As the 2014-15 year winds down to a close, Tribe Athletics has been working to define proposals and goals for the next five years. April 7, it released its Report of the Committee on Competitive Excellence, a 31-page document about the current and future objectives of William and Mary athletics.
College President Taylor Reveley requested the report, and Athletics Director Terry Driscoll spearheaded the committee as its co-chair over the past several months.
“An appraisal was needed of what it would take to provide our program with resources consistent with those of other programs in the Colonial Athletic Association, as well as resources conducive to a higher level of competitive excellence than we now enjoy,” Reveley wrote in the report’s opening statement.
The April 2015 report builds upon the 2006 evaluation of the role of athletics at the College entitled “The Game Reclaimed: Athletics at William & Mary.” That document, in light of the Tribe leading student-athlete graduation rates among public universities in the United States, pronounced that the College established a healthy balance between its athletic programs and academic pursuits.
Flat Hat Sports sat down with Driscoll to discuss the nuances and implications of the report’s contents.
The report begins by stating Tribe Athletics’ new overarching goal: “a championship experience for every student athlete and every fan.”
“The intent of the plan was to state what we are trying to achieve, to recognize some strategic initiatives that would be important if we want to get to these aspirational goals,” Driscoll said. “It would be an operational tool for us because now we can go to former students and players and say, ‘For your program, here’s what we need for championship-level [competition]’.”
The proposal aims to keep student athletic fees constant. Virginia law prevents tuition funds from being used for athletics at public universities.
Proposals set forth by the plan include an initiative to maximize athletic scholarships, as the Tribe currently only uses 85 percent of the total number of allowed scholarships by the National Collegiate Athletic Association. The main issue in awarding scholarships is a lack of financial resources. Alumni donate to the William and Mary Foundation, the College’s endowment fund program; many alumni choose to allocate their donations to athletics, with upwards of 90 percent of those specific donations already marked for providing scholarships to certain teams. The Foundation can only account for so many athletes, which is why the Tribe can’t fully support all of its student-athletes with scholarships.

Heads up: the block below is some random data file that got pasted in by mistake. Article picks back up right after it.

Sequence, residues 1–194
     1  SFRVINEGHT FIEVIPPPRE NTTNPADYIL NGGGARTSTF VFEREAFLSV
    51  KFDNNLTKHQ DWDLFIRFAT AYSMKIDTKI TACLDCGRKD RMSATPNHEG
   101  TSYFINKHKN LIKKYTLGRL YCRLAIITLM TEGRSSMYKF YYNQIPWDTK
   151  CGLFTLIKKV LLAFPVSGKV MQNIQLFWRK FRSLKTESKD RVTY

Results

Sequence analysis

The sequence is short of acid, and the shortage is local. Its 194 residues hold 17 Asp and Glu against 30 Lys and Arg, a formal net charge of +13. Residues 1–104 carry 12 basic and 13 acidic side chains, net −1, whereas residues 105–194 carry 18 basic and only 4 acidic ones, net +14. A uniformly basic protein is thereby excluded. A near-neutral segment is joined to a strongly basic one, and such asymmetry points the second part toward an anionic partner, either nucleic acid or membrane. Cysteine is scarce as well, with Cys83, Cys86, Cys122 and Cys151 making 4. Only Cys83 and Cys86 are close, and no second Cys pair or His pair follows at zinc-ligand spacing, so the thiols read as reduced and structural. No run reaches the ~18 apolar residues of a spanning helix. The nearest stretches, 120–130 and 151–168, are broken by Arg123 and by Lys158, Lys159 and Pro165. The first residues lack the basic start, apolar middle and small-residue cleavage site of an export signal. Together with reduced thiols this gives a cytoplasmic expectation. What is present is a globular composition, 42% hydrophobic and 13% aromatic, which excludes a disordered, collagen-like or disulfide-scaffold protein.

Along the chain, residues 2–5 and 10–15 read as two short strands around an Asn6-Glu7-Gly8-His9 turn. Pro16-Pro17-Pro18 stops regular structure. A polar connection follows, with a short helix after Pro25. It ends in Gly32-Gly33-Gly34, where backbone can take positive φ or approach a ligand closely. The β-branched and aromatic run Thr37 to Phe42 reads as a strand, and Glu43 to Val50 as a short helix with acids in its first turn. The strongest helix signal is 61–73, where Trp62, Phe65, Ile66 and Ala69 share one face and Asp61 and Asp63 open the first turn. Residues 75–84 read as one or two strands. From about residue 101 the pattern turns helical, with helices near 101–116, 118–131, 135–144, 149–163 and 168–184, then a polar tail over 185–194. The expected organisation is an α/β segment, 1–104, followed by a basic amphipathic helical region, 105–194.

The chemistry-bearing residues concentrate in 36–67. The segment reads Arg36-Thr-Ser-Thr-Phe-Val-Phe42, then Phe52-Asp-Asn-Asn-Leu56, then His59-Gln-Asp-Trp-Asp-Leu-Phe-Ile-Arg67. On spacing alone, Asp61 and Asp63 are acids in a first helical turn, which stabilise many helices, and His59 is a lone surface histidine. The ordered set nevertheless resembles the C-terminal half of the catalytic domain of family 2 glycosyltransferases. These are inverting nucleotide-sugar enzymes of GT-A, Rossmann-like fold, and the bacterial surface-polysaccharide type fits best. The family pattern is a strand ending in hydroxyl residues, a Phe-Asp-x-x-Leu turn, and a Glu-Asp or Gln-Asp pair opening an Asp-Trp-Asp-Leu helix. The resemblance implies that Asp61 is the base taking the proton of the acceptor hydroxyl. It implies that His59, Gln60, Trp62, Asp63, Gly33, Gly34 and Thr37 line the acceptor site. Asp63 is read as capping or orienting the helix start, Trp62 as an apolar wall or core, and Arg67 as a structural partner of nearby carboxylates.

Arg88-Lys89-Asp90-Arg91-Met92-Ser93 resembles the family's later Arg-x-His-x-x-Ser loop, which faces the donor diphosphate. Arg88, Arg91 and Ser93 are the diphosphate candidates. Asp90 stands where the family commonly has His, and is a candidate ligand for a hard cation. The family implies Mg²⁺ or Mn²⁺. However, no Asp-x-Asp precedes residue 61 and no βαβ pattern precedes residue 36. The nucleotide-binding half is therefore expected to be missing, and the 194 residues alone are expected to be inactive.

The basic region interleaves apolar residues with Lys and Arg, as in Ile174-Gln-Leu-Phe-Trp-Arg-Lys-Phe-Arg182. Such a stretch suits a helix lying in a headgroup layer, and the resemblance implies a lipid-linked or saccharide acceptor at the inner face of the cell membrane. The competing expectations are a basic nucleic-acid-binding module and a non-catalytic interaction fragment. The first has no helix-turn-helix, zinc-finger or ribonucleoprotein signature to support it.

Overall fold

“If we could have anything here, it would be the ability to endow scholarships, because as you know, tuition and costs go up every year and are going up at a fairly rapid pace” Driscoll said. “If you look at JMU, Virginia Tech, U. Va, they have the maximum number of scholarships for every sport.”
As the Tribe features 23 sports, more than any other member of the CAA, Driscoll conceded that reaching full utilization of the scholarship allowance might be difficult.
“JMU had 28 sports seven years ago. They cut about 10,” Driscoll said. “They didn’t shrink their budget — they just reinvested.”
Increasing scholarships lies in the report’s section on key operational necessities, along with changes to the recruiting and admissions process and improvements to fan experiences at the College.
On the recruiting front, a new policy implemented this past year divides athletes into a tier system to facilitate the scholarship offering process. Previously, a coach had to submit a referral to the admissions office for any athlete to whom they wished to offer a scholarship. Referrals are limited on a program-by-program basis.
However, this process failed to account for student athletes who would be admitted based upon academic merit alone but still were talented enough to earn a scholarship. Coaches often had to choose between offering a referral to a student athlete who would academically qualify versus another student athlete whose academic qualifications place them on the borderline of general admission.
“For example, we would have this person who we know the College will probably take in April, but won’t take them [at the national signing period] so they’ll have to come in on their own,” Driscoll said. “We’d have to wait and make a decision, and in that period they might go someplace else.”
Essentially, coaches would lose academically accomplished recruits to other programs due to this wait-and-see process of general admission.
As the report’s mission statement clarifies, the fan base of Tribe sports plays a crucial role in the strategic goals and receives its own section within the future plans. At the core of this section, the report states there is a need for improved game day experiences. This is part of a larger Tribe Athletics idea for the so-called Championship Experience.
Championship Experience is a blanket term used to describe increased scholarships, operating budgets and staffing in the program. While the scholarship plans have already been mentioned, the operating budgets and staffing are also significant. Currently, zero dollars are allocated to those funds.